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Exhibition “1820. Liberal Revolution of Porto ”

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Casa do Infante
Logo
Poster
Gravura coligida por Pedro Vitorino na obra Iconografia Histórica Portuense
lopescordeiro
2/20/2020 - 9/6/2020
Until 6th September | Porto
Gravura coligida por Pedro Vitorino na obra Iconografia Histórica Portuense
The exhibition “1820. Liberal Revolution of Porto ”, curated by José Manuel Lopes Cordeiro, professor of history at the University of Minho, opens this Thursday at Casa do Infante, in Porto, and will remain open until September. The initiative marks the 200th anniversary of the Liberal Revolution, in a program of the Municipality of Porto that includes half a hundred events, such as an international congress, colloquia, books, concerts, visits and cinema.

The documentary exhibition – UMinho said this Wednesday – starts with the main antecedents of the revolt: the court’s departure for Brazil in 1807; the Napoleonic invasion of Porto and the Ponte das Barcas disaster in 1809; the creation by Prince Regent D. João of the United Kingdom of Portugal, Brazil and Algarves in 1815; the conspiracy of 1817 and the execution of General Gomes Freire de Andrade, who ignited the revolt against the English presence and Marshal Beresford; and the establishment of the secret association Sanhedrin, in Porto, to organize the revolution.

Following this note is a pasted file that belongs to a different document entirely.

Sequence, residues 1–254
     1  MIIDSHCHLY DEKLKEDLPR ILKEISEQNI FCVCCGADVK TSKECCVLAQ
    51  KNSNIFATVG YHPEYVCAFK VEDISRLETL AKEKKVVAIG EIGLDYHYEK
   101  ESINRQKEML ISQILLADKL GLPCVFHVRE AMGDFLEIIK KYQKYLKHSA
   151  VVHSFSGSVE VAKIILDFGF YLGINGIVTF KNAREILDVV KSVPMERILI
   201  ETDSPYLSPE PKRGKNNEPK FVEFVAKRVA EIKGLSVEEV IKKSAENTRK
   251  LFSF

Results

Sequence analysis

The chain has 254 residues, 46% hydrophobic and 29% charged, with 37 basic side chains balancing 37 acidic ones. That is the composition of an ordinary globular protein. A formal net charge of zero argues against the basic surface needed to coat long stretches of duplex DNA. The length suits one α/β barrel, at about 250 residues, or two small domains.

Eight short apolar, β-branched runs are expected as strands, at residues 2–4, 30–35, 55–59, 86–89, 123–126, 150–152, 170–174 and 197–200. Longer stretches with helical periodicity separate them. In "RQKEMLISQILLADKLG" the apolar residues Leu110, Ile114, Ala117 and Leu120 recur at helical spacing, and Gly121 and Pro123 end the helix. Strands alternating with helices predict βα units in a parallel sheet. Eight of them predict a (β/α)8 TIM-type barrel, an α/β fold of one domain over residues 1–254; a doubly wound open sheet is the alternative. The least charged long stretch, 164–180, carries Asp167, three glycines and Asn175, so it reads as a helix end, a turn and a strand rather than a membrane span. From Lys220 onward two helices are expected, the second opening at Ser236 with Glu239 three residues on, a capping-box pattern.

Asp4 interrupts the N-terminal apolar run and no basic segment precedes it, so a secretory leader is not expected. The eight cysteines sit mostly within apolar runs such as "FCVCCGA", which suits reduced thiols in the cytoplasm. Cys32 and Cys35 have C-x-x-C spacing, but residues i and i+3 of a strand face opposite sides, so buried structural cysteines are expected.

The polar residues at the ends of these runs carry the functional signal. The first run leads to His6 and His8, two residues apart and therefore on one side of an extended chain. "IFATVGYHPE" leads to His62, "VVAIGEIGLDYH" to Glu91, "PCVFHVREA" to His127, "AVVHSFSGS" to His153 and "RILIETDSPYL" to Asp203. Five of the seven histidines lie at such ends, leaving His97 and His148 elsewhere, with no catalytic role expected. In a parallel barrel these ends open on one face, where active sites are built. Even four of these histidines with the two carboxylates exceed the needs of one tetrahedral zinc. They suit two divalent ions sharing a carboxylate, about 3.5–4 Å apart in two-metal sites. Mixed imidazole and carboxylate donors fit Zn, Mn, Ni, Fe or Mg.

In particular, the exhibition highlights Porto sources from those 40 days that shook the history of Portugal and Brazil two centuries ago. For Lopes Cordeiro, “the main piece is the minutes of the City Council of August 24, 1820, the text of which is entirely covered with black ink, an initiative of D. Miguel’s supporters after the absolutist turnaround”.

“The military pronouncement was made at five in the morning in Campo de Santo Ovídio (today Praça da República) and at eight o’clock everyone was in the Chamber, where the constitution of the Provisional Board of the Supreme Government of the Kingdom was approved, which inaugurated a new regime ”, he explains. The professor at the UMinho Institute of Social Sciences and researcher at the Interdisciplinary Center for Social Sciences (CICS) was somewhat surprised to find that the document was historically almost forgotten, although it was then transcribed in the local press, published in pamphlets and republished in Lisbon newspapers when the capital joined the movement.

Liberalism Victory

The definitive victory of liberalism was in 1834, with the Miguelist defeat in the civil war, after the failed siege of Porto, but José Manuel Lopes Cordeiro focused the exhibition until July 4, 1821, when the king landed in Lisbon. “The main objectives were fulfilled: the king and the court returned to the country, the English influence in the military was over and there was already a provisional document of the Constitution”, he observes.

In April, the historian launches a book that discusses the whole process of this first attempt to implant liberalism in Portugal. This book largely surpasses the catalog function of the exhibition, which will remain open until September 6 and has guided tours, with free entry from Tuesday to Sunday, from 10:00 to 17:30, and ending on Monday and holidays.